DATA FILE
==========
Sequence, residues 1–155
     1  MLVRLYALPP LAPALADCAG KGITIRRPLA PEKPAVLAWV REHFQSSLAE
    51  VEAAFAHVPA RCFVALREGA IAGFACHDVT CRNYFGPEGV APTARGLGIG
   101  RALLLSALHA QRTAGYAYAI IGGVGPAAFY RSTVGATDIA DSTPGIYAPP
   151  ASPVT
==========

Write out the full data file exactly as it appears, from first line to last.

Sequence, residues 1–155
     1  MLVRLYALPP LAPALADCAG KGITIRRPLA PEKPAVLAWV REHFQSSLAE
    51  VEAAFAHVPA RCFVALREGA IAGFACHDVT CRNYFGPEGV APTARGLGIG
   101  RALLLSALHA QRTAGYAYAI IGGVGPAAFY RSTVGATDIA DSTPGIYAPP
   151  ASPVT